Like many Americans, hubs and I made the pilgrimage to the holy zone of solar eclipse totality, neatly bisecting our country on August 21st, 2017. Newscasters had assured us during the weeks leading up to this that traffic would be a snarled mess. Drive times were expected to triple. A week’s worth of provisions was highly recommended.
Hubs was really looking forward to the trip. I was along for the ride. Pups was just happy to be there.
We headed out on Saturday morning, intending to travel three quarters of the way to our chosen destination and crash at a friend’s place. We would tackle the last part of the journey, sans dog, in the wee hours of E-Day. Hubs had wisely decided not to share with me exactly which wee hour we would be departing. That information was classified as Need to Know only. We both understood it was for the best.
Less than an hour into our three hour journey, I saw a freeway sign declaring,
TRAFFIC TO OR
So far we had been spared any unusually heavy traffic, but I knew that our miles were numbered. So did hubs. I wanted to get a photo of this sign to put in my “Eclipse Album,” which would take up precious space on my Google drive and never be viewed again. I was too slow, though. The sign passed before I could even open the camera app. No worries. It was a long drive; I knew there would be more opportunities.
I was right, there were more opportunities, at least four, maybe five. Each time either I saw it too late, or I didn’t have my phone (which is my camera) at hand, or I couldn’t get the app to cooperate in time, or there was a truck between me and the sign at the crucial moment.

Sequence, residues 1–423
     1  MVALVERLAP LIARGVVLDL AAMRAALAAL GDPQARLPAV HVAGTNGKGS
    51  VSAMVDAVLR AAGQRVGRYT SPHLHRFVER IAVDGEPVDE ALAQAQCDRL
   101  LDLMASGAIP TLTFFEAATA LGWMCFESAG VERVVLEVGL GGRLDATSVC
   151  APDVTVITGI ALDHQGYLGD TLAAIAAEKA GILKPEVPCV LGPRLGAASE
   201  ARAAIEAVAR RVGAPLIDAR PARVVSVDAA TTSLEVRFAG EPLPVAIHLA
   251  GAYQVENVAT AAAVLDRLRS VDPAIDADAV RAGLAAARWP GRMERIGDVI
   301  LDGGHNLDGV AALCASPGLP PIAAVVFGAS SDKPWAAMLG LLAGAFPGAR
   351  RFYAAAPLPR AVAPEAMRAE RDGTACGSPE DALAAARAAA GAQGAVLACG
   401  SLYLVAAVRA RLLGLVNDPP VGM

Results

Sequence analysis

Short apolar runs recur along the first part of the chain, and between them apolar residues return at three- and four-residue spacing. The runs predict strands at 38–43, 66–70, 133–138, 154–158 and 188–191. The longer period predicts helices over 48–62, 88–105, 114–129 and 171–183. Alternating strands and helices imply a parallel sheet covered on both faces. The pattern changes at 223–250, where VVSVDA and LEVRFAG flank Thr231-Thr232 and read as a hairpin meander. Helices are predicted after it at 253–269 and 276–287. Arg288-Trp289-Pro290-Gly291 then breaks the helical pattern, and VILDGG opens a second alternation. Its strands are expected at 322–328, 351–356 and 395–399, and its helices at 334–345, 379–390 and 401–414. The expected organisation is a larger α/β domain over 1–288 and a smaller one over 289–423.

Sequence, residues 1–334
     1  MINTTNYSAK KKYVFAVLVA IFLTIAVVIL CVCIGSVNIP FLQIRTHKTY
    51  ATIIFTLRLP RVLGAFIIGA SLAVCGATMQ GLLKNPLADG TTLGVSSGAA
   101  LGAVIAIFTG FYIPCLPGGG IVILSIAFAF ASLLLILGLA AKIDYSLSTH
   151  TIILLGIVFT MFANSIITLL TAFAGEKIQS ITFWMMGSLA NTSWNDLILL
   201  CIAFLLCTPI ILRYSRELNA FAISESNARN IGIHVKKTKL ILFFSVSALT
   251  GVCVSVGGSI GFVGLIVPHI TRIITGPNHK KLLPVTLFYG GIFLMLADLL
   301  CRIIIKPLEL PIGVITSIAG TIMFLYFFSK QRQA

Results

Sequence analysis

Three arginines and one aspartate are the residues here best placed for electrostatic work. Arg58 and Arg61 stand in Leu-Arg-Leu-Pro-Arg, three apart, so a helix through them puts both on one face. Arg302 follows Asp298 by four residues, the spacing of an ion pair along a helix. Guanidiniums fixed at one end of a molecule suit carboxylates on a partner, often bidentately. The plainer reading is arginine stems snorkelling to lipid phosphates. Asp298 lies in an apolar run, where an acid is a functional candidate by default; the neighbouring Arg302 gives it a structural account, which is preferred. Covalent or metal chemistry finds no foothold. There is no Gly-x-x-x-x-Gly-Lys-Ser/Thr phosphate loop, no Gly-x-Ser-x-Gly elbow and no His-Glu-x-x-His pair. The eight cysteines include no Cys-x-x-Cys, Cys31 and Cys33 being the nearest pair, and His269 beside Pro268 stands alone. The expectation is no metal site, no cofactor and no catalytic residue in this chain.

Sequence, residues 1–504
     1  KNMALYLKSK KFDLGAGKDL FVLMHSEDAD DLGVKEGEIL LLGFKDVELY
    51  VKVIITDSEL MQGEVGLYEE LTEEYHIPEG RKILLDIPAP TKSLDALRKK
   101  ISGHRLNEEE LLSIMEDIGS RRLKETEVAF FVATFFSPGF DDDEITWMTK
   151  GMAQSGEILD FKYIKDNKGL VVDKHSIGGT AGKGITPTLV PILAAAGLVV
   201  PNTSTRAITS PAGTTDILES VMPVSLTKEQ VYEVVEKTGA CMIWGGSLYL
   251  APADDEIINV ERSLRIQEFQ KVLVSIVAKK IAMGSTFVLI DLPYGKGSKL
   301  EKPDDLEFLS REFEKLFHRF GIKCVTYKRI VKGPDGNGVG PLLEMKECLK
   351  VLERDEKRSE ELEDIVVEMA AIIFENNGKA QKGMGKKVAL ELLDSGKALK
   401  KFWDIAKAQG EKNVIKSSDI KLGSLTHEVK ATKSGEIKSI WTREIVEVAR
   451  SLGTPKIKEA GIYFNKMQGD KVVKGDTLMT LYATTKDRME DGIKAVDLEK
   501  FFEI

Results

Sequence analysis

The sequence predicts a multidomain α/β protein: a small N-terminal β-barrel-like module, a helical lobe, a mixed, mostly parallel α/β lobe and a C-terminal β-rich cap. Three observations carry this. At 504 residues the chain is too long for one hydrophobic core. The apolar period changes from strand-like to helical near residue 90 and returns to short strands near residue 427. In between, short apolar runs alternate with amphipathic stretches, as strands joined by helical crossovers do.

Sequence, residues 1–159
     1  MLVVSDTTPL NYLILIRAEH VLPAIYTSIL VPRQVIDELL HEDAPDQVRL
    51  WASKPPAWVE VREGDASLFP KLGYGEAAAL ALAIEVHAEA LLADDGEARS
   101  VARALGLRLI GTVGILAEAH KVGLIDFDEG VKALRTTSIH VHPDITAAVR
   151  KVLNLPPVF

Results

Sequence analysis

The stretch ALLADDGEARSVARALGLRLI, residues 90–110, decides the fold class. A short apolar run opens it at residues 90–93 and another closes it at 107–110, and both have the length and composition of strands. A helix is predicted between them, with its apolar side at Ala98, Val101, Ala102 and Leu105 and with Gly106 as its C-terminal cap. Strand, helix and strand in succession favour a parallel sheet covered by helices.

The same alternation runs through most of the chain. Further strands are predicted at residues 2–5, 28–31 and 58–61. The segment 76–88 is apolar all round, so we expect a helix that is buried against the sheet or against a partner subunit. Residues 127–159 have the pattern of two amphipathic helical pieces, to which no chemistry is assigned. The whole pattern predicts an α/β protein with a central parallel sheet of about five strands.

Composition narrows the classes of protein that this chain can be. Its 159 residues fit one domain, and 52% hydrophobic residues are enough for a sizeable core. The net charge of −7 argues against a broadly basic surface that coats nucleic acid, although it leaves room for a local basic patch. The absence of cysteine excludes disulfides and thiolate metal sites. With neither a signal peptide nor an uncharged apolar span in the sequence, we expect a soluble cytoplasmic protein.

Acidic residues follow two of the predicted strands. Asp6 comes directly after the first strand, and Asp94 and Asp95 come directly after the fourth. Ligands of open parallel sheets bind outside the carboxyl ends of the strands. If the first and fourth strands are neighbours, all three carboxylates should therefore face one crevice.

Eventually, the signs changed to:
Around the same time, I began to realize that this casual snapshot had turned into an obsession, not just for me. As we neared our exit, we approached a perfectly placed sign, directly over the center lane. As luck would have it, traffic began to thicken at the same time, creating the ideal situation to grab a perfect photo. I could have gotten it, too, if I hadn’t put away my phone. I just missed it.
I didn’t even have to ask. Hubs offered to get back on the freeway in the opposite direction and come around again so I could get a second chance at it. I accepted that offer. For the next several minutes, my phone never left my hand. The camera app was open and I snapped a random photo every few seconds to make sure it didn’t get bored and go to sleep on me.
We circled around and approached the sign, both of us on high alert. Traffic wasn’t thick enough yet for us to stop, but I had plenty of time to line up the shot as we rolled slowly under it. I snapped several just to be safe. Mission accomplished, we continued on to our destination, satisfied that we had finally captured that pesky sign.
That evening, I scrolled through the photos to choose the best one, but they were all about the same. Glaring orange fragments of letters were scattered across a black background. Some shots showed most of a word, with the rest scrambled. Others were just digital chaos.
I took it as a sign.